Last updated
December 7, 2023

Mastering Phone Number Regex for Efficient Validation

Elizabeth (Lizzie) Shipton

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Phone number validation is a critical component of modern web and application development. These days, verifying a user’s identity through their mobile device via a phone call or SMS is the safest and most efficient way to do authentication.

Regex can play an important role in phone number validation, as it can help you identify improperly formatted numbers and catch user input errors. However, it is not the only form of phone number validation you should use when building a large-scale production app.

In this article, we’ll discuss how to use Regex for phone number validation, and look at some strategies for implementing Regex in various languages.

Understanding Regex

Regex (Regular Expressions) is a sequence of characters that specifies a pattern match in text. It’s a set of rules that can be used to determine if a particular string contains an expected sequence of characters.

Regular expressions are not a programming language - you can’t use them to create an algorithm - rather they are a “formal grammar.” They are language-agnostic and can be used in code written in any language, from JavaScript to PHP.

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Common Regex Patterns for Phone Numbers

Before we dive into how to use regex for phone number pattern matching, it’s important to understand that there is no one correct way to detect phone numbers using regular expressions. In fact, it can be really difficult to come up with a pattern that captures all phone number (especially international phone number) formats.

Here is an example of a commonly used regex pattern for detecting a 10-digit phone number:


Let’s break this down and take a look at each capture group. A capture group groups multiple tokens together and creates a substring for matching back-references.


This capture group contains 3 subsequences. It matches the country code.


Matches the plus sign “+” special character


Matches any digit


Quantifier: match the previous selection 1 or 2 times


Matches whitespace

Next, we have a question mark, another quantifier, which quantifies the whole capture group:


It tells regex to look for either 0 or 1 of the preceding capture group. The next capture group matches the first three numbers in the phone number, plus the parentheses: (123)


There are 5 subsequences:


This is another special character match for the opening parentheses character “(“


Another quantifier specifying there should be either 0 or 1 of the preceding match


Matches digits


Another quantifying specifying there should be 3 digits


Special character match for the closing parentheses character “)” After this capture group we have another quantifier, specifying we should match the previous capture group either 0 or 1 times:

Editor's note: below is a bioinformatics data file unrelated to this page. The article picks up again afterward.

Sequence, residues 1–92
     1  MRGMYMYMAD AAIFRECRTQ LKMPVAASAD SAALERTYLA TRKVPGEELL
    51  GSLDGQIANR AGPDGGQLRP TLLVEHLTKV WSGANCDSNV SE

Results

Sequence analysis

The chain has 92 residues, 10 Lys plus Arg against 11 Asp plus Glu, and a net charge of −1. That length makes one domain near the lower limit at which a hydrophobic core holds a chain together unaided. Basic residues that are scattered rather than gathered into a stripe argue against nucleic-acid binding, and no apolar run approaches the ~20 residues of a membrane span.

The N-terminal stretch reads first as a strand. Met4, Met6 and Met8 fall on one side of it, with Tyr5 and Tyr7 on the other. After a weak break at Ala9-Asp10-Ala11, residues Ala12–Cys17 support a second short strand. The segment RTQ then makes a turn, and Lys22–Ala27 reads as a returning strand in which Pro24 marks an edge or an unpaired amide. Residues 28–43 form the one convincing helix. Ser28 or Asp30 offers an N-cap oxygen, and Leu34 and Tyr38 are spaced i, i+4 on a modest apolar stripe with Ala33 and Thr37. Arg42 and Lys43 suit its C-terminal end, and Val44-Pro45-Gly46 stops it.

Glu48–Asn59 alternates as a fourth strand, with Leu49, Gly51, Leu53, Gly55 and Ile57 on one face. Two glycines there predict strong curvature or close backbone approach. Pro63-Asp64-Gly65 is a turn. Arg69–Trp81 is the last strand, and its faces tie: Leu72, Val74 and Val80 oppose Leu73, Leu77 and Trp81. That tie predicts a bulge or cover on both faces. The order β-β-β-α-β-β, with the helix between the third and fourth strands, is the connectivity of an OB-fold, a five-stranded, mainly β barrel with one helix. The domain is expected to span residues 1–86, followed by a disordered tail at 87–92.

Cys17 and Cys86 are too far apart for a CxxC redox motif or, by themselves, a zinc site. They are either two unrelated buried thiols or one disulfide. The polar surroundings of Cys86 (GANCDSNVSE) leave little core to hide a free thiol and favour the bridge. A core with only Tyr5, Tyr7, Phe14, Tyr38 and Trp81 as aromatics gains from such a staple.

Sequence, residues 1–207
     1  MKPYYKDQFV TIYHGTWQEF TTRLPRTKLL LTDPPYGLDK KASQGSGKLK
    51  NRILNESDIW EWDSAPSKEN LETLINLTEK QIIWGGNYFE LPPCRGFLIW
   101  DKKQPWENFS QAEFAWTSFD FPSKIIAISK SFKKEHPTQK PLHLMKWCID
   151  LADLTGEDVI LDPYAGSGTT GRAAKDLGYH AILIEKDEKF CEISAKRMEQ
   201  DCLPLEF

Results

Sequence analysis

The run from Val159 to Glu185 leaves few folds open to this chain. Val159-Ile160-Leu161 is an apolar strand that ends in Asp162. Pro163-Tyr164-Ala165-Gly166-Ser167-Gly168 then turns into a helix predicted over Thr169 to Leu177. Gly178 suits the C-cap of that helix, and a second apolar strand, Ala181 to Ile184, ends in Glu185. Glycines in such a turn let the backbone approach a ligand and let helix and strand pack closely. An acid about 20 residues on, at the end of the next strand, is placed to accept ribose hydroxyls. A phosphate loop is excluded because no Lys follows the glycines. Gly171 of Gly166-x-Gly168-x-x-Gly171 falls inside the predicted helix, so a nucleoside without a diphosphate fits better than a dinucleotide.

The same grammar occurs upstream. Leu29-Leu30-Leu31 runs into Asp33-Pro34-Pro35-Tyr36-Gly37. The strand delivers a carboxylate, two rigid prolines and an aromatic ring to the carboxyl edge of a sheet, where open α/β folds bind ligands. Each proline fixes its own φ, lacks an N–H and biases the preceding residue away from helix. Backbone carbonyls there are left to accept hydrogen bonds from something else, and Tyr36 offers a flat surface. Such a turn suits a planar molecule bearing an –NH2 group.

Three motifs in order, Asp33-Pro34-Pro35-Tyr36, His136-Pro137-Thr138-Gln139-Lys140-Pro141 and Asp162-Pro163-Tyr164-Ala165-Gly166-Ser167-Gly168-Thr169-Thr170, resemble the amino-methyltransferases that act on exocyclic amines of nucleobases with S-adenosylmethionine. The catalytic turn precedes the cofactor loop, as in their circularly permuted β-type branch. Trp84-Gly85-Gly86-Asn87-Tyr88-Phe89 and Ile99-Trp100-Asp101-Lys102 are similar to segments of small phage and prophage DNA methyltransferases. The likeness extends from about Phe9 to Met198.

Finally, we have the capture group that matches the final 4 digits in the phone number, plus any included whitespace, and separators like dashes or periods:


This capture group contains 6 subsequences, with 2 of those subsequences containing 3 smaller subsequences.


This is a character set. It tells regex to match any character in the set. It contains 3 subsequences of escaped characters:


Matches whitespace


Matches the dot character


Matches the dash character


Matches any digit


Quantifier: match the previous digit 3 times


The same character set as before


Match any digit


Quantifier: match the previous character four times


Indicates the end of a line

This complete Regex pattern matches phone numbers in the following formats:

(123) 456-7890
123 456 7890
+91 (123) 456-7890

It’s a pretty comprehensive pattern that accounts for a large percentage of possible phone numbers - however, it’s not perfect (no regex pattern is.)

Implementing Phone Number Regex in Different Programming Languages

Let’s briefly look at how we might use the previous pattern in a few different languages, namely Javascript, Python, and Java.


To use a regular expression in JavaScript, you need to use the Regular Expression object, which is available on the global scope. It provides a handful of methods for creating and using regex.

const pattern = new RegExp((\+\d{1,2}\s)?\(?\d{3}\)?[\s.-]\d{3}[\s.-]\d{4}$);

This will create a new variable re that holds a regex object with our phone number pattern. To use it, call methods provided by the object using dot notation:

const number = “+01234567890”
const match = pattern.test(number)
console.log(match) // true

The test, match, search, and replace functions are the most commonly used methods.